Westmeath had to euthanise twice as many stray horses as it rehomed last year – even though the county had one of the best rates of rehoming of any local authority in the country.
While 35 of the 118 horses seized in Westmeath during 2013 were rehomed, some 69 were euthanised. The remaining 11 were reclaimed.
Only Mayo County Council and Galway County Council managed to rehome more horses than Westmeath. In Mayo’s case, 100 were rehomed, and 101 euthanised. In Galway, however, while 38 were rehomed, some 283 horses were euthanised.
The figures were given in Dáil Éireann by Minister for Agriculture, Simon Coveney, in response to a series of queries raised by Deputy Ann Phelan.
Deputy Coveney said that the Control of Horses Act 1996 was introduced to address serious problems being caused by straying horses wandering on public roads and lands and posing risks to the public, especially motorists and young children and property.
His department offers local authorities €200 towards the rehoming of each horse, but where rehoming is not an option, €450 is available for the costs associated with disposal. “My department will, in conjunction with the local authorities and An Garda Síochána, continue to adopt a pro-active approach in relation to horse welfare and will remove at-risk animals and, where appropriate, institute prosecution relating to any mal-treatment of these animals,” the minister stated.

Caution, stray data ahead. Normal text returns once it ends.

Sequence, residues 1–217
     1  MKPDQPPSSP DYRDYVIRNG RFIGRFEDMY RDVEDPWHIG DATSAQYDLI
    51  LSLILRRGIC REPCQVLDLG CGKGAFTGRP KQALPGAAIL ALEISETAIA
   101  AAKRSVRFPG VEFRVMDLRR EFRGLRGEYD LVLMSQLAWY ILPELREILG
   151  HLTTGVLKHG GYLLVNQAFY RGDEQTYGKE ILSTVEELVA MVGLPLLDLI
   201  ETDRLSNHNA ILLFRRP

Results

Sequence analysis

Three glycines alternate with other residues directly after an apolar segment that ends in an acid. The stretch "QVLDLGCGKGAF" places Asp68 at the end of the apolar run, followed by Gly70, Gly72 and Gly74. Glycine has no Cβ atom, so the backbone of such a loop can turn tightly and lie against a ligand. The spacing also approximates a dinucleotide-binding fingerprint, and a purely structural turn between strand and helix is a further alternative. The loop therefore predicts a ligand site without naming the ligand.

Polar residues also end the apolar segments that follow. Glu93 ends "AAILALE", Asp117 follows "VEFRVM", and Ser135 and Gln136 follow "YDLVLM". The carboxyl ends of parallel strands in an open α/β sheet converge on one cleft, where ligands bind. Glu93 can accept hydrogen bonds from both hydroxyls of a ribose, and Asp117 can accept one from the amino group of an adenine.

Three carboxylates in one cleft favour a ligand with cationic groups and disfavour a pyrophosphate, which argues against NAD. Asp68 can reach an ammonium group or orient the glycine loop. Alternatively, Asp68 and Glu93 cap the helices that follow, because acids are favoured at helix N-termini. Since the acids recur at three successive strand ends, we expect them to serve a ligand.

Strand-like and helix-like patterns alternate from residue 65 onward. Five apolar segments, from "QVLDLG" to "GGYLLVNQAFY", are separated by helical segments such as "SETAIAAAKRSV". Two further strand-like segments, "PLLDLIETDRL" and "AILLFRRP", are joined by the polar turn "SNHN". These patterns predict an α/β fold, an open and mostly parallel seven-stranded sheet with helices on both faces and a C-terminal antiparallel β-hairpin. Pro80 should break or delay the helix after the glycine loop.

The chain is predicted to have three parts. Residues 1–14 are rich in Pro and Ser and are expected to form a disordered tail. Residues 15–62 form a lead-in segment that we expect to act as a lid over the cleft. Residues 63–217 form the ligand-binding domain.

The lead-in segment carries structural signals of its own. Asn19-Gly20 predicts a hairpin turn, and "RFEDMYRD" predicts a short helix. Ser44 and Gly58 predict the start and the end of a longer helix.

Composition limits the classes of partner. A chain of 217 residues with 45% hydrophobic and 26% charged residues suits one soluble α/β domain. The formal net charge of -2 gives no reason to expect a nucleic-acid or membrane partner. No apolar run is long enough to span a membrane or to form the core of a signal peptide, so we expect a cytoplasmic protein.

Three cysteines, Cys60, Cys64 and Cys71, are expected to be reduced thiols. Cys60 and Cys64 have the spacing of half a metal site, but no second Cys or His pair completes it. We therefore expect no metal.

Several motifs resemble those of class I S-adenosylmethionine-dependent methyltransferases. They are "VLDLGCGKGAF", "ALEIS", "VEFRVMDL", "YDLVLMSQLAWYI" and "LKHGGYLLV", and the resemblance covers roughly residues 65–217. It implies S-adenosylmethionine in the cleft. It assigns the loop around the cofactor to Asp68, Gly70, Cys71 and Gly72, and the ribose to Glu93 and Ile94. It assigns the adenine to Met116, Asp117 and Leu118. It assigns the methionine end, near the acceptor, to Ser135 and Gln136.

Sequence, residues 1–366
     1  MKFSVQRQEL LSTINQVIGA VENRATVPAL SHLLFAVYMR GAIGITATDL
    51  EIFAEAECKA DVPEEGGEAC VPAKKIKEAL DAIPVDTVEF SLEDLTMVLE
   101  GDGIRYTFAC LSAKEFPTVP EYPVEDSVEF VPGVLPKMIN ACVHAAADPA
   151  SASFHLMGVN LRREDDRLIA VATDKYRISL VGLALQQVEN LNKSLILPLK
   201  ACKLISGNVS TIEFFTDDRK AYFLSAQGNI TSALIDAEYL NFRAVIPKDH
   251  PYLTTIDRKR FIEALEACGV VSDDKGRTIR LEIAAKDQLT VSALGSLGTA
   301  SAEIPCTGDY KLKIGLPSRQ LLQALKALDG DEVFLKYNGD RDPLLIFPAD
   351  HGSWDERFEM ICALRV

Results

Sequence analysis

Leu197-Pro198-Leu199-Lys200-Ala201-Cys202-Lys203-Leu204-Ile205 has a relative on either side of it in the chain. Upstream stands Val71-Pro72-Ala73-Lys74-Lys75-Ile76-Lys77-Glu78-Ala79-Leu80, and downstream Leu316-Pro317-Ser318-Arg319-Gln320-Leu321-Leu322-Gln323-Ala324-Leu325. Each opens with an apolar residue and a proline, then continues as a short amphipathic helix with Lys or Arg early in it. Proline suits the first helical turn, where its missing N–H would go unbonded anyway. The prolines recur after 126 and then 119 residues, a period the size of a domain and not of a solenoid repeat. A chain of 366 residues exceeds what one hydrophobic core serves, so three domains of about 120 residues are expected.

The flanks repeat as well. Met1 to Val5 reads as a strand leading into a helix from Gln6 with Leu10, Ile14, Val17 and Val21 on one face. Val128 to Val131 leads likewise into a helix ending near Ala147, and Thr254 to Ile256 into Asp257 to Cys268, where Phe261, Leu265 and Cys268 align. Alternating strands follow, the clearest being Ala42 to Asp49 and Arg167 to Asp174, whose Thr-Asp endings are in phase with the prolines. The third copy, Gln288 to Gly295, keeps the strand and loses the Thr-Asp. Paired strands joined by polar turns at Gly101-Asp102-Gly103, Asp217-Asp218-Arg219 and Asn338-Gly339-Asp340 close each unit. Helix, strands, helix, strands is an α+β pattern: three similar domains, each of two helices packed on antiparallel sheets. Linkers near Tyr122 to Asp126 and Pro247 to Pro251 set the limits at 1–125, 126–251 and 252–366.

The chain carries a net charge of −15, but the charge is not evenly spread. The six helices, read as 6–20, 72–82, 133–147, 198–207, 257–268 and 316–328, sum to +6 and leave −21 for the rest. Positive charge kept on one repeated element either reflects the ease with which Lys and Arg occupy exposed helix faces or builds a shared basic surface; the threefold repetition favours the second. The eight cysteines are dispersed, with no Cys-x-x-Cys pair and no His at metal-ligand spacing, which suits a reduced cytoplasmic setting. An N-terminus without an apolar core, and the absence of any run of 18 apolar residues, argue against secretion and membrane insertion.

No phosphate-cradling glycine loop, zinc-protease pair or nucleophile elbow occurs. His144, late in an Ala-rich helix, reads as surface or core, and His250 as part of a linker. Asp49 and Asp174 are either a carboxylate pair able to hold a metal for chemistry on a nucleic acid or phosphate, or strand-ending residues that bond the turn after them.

He added that he recently introduced new legislation, the Animal Health and Welfare Act 2013, “which places clear obligations on owners regarding the need to look after animals in their care”.
“My department has been operating an Animal Welfare Helpline for some time with a view to enabling persons who are concerned about the welfare of horses or indeed any animal to contact the department at firstname.lastname@example.org and on lo-call 1850 211 990,” he concluded.